The East London Garden Society has become more of a campaigning group than ever before. Although we still retain a keen interest in gardening it has become necessary to ensure we have a better environment in which all gardeners can continue their passion.
The Bethnal Green mulberry tree is a good example because to destroy our urban landscape without a thought for what we lose has to be wrong. We will continue to campaign on your behalf to retain our environment for future generations. We hope you agree.
If you value having someone campaign on your behalf to protect the environment and having access to useful articles about gardening and local environmental matters, please make a donation to help us with the cost of maintaining The East London Garden Society.
An orchid thought to be extinct in the UK has been discovered on a rooftop of an eleven storey London bank. The small-flowered tongue-orchid has not been recorded in the UK since 1989.
They previously existed in a Cornish colony which was destroyed through land mismanagement in 2009, leading to the assumption that the flower was now extinct in the UK. Somehow a seed is thought to have arrived from elsewhere to produce this plant.
Let's hope that mankind can preserve this second attempt by nature.
The Bethnal Green Mulberry Tree has come to signify a malaise in urban towns and cities and is a prime example of where those in power are going wrong.
Trees, that in some cases have been with us for many hundreds of years, are at risk because of bad planning consent for development irrespective of the effect it will have on the environment and the local inhabitants. However, as much as this case attracted attention to the problem, many other situations around the UK are being challenged every day.
Cavell Street Gardens in Whitechapel is another example. Ten trees, which represent 40% of the tree cover, are to be lost since The London Borough of Tower Hamlets wish to install a 20-foot square of Astro turf for the benefit of local children from a private school.
We should be retaining as much of our local environment as possible. It has been shown in other areas of the world that it is possible to allow nature to be in harmony with humanity. But the London Borough of Tower Hamlets seem unable to do this and consider the removal of trees for a plastic alternative is more important.
If the trees in Cavell Street Gardens are felled and replaced with plastic what kind of future are we leaving these children and we are setting them a bad example of what should be done to protect their future environment. The image above says it all.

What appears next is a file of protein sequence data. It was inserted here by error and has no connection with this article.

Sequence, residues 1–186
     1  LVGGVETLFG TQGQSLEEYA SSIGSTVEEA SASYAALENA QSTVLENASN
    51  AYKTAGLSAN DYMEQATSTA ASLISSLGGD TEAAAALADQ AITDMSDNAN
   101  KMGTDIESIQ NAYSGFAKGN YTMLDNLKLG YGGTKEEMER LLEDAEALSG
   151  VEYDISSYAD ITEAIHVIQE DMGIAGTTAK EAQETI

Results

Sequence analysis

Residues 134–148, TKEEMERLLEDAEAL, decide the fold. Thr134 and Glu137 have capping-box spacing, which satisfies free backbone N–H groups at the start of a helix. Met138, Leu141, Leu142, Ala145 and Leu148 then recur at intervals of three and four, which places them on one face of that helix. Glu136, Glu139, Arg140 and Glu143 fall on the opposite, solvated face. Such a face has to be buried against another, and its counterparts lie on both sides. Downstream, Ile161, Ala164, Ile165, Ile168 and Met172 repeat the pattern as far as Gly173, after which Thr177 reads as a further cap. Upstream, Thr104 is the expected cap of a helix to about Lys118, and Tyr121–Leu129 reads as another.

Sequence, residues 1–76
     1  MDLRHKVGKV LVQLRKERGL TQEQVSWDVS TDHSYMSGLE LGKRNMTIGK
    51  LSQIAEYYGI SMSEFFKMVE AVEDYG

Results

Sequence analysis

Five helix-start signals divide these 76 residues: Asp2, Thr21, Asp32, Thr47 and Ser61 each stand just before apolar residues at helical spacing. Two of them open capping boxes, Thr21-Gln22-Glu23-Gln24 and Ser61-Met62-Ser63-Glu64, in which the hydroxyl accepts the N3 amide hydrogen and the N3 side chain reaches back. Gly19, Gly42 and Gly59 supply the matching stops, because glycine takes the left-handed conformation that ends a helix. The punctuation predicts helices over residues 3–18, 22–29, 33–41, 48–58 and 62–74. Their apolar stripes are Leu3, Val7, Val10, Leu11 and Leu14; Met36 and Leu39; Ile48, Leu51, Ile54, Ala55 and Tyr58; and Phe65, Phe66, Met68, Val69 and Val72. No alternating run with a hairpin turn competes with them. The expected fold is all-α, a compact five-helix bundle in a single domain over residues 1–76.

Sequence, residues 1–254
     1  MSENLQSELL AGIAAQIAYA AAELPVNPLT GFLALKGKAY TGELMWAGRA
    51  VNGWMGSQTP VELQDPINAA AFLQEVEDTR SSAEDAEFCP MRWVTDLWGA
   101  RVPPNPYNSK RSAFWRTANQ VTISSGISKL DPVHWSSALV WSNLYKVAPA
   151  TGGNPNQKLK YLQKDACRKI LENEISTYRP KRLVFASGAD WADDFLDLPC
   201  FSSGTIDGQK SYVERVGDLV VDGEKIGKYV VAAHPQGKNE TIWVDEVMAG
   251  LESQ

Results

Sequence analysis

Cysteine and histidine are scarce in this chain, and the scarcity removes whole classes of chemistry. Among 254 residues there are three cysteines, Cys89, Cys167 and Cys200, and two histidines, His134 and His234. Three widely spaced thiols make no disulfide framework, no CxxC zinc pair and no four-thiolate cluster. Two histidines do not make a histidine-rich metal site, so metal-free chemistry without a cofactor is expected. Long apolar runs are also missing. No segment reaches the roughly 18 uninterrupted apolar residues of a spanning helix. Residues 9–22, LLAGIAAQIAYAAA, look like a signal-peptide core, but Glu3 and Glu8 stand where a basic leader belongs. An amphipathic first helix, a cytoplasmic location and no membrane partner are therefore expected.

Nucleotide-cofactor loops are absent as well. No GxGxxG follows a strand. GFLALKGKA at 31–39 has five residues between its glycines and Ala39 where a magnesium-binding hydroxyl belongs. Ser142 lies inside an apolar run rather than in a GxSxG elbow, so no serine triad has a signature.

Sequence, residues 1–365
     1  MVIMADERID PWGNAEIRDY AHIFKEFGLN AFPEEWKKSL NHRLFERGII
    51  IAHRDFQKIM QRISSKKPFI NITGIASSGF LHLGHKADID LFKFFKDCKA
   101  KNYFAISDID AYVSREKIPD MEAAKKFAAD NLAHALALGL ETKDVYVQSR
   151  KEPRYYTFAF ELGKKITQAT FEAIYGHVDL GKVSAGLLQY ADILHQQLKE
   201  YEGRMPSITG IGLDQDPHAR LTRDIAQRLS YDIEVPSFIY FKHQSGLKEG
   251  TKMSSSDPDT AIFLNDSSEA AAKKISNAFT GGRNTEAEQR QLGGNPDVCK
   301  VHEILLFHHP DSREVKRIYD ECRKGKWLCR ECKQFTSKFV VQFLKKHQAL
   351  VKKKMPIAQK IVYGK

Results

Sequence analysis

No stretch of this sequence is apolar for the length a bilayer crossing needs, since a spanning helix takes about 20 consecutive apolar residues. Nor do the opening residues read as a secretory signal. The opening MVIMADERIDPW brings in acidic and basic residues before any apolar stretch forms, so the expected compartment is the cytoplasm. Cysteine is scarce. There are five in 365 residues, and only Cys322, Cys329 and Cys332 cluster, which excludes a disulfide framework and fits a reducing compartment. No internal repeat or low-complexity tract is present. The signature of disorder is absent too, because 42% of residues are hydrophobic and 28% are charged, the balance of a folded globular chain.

There is protection for trees (TPO) and protection for grade listed ancient monuments, plus important buildings. These are all a part of our heritage, our history, and our reason for being here.
Work undertaken on historic and ancient buildings is usually restoration but in some circumstances it may be considerably more, in which case the building must keep its original look.
For grade listed parks and trees with protection orders, the requirement is different. They are at the whim of a local authority as to whether they survive or not. The listing is a status in law, not a legal obligation. Therefore, a local authority may grant continued protection or dispense with the listing status at will when it suits them.
For this reason, The East London Garden Society has raised a petition to ask that protected trees and grade listed parks must be afforded the same protection in law as for grade listed buildings.
If you agree, please give your support now by signing the petition.
The space adjacent to Blair’s property was strewn with fridges, bits of old motorbikes and all kinds of rubbish. However, Blair had a passion and was certain the area could be made good to improve the environment.
The transformation of a rubbish dump into a garden is amazing. As well as vision it needs an aptitude to make things better, but with a little bit of flair and energetic work this area of London has become a place to cherish.
It just shows what can be achieved, and if Blair can do it, so can we.
Treat yourself to dandelion bread pudding with sundried tomato and gruyere cheese.
To serve: Cut into squares, or use biscuit cutters for making small plate servings.